Populations of wild animals consist of individuals that vary consistently in their behavioral tendencies (“personality”). This raises questions about whether the environment drives development of behavioral variation. Moreover, it may benefit conservation efforts to understand the origins of behaviors that affect fitness and ecological interactions. Eastern Box Turtles (Terrapene c. carolina) exhibit individually distinct levels of boldness (indicated by the duration of hiding in the shell after standardized handling and confinement). These differences in boldness have been associated with components of survival including predation risk and thermoregulation. To evaluate causes of this variation we first compared the boldness of captive juvenile turtles raised from hatching (n = 32 turtles from 11 clutches). Individuals raised identically still varied in behavior, and there was no overall difference in boldness between turtles from contrasting rearing conditions (simplified laboratory housing versus enriched environments). This suggests that variation in boldness appears early in development, regardless of the environment. Second, we compared the boldness of 237 wild adult turtles from nine populations across five states from September 2017 to October 2018: one population in Georgia (n = 24 turtles), two populations in Indiana (n = 53), one population in Michigan (n = 63), two populations in North Carolina (n = 38), and three populations in Ohio (n = 59). Despite diverse environmental conditions, the distribution of boldness scores was strikingly similar across populations (average emergence times for each population = 141 ± 39is [mean ± 1 SD]), indicating negligible behavioral population differentiation. Further, there was no evidence that temperature, individual human encounter history, sex, age, or body size affected boldness scores. Together, these results suggest that a wide range of boldness phenotypes is intrinsic to box turtle populations. This variation could be adaptive and thus considered an important part of population health and/or it may be unavoidable due to developmental processes.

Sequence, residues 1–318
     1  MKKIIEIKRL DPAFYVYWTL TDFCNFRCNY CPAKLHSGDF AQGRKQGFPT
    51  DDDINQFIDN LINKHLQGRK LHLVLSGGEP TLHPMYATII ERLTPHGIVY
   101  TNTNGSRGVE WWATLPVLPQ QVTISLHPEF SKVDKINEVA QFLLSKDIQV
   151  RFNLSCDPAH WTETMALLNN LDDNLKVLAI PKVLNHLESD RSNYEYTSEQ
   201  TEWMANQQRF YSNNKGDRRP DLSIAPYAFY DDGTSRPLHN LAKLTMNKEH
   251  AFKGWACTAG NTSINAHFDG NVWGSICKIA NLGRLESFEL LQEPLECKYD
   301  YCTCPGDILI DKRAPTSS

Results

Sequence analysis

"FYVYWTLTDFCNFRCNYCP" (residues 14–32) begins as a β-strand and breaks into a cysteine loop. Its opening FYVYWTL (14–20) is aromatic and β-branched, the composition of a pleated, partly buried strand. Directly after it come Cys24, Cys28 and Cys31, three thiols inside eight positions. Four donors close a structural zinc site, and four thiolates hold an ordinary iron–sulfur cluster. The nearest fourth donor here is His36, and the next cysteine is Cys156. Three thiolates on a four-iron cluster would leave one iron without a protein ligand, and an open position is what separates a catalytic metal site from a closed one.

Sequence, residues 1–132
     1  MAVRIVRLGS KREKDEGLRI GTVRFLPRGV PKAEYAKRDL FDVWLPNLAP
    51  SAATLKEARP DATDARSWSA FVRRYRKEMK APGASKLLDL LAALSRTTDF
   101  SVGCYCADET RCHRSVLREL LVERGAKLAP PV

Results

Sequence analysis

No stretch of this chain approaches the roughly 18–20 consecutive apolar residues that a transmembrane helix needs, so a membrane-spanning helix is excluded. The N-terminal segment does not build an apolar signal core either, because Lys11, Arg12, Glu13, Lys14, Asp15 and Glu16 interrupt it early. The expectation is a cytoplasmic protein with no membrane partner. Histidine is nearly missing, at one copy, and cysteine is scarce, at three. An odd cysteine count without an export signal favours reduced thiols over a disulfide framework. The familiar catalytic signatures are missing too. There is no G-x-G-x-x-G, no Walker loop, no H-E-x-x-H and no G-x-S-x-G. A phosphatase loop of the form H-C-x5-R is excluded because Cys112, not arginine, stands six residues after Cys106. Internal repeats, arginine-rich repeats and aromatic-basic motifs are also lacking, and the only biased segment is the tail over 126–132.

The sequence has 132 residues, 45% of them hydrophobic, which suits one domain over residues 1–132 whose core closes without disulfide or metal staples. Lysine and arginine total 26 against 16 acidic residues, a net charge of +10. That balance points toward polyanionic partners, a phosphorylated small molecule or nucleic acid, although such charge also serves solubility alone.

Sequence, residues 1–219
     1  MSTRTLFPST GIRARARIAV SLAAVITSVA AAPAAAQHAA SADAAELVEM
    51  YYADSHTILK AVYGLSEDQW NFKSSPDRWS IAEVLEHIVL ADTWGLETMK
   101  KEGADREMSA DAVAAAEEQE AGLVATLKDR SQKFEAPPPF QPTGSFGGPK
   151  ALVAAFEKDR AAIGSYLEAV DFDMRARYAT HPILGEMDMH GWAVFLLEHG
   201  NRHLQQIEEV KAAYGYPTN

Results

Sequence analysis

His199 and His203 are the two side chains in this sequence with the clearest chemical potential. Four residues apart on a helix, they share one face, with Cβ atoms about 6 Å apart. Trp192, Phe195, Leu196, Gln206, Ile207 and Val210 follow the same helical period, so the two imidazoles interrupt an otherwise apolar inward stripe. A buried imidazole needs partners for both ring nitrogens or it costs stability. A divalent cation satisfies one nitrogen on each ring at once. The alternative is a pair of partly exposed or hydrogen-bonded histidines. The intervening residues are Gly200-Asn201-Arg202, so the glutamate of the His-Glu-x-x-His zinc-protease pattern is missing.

Applying Dendrochronology Techniques to Develop Long-Term Growth Chronologies in the Eastern Box Turtle
Ashley E. Graham and Kiyoshi Sasaki
Department of Biology, Winthrop University, firstname.lastname@example.org,, email@example.com